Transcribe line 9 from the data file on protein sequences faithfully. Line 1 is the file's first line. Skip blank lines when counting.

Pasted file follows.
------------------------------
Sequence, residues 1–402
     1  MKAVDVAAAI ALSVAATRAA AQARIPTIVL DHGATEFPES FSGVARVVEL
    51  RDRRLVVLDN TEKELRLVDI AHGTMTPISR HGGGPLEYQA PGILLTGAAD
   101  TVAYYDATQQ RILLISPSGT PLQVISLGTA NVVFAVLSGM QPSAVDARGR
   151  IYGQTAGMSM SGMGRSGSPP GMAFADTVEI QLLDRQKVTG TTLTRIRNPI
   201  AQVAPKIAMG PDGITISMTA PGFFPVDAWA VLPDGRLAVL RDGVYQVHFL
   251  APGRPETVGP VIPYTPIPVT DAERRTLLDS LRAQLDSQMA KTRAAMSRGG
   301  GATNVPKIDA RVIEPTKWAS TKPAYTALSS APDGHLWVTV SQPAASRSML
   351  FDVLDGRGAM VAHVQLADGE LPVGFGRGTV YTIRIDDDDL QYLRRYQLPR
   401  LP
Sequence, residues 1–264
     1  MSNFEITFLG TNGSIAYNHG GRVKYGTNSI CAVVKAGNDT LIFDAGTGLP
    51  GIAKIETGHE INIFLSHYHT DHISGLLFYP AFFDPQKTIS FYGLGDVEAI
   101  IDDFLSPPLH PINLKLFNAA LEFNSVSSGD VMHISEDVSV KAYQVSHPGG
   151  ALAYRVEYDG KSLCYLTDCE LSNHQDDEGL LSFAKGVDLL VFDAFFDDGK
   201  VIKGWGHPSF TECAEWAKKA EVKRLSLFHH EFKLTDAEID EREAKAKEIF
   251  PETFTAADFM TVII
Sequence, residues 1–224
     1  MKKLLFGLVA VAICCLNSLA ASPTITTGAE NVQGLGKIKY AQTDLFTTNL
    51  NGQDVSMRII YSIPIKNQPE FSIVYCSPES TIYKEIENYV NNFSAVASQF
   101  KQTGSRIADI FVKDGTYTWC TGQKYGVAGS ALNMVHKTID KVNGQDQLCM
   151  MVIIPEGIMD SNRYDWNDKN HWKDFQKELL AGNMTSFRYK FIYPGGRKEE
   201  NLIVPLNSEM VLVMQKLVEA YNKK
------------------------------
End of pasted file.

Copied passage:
   351  FDVLDGRGAM VAHVQLADGE LPVGFGRGTV YTIRIDDDDL QYLRRYQLPR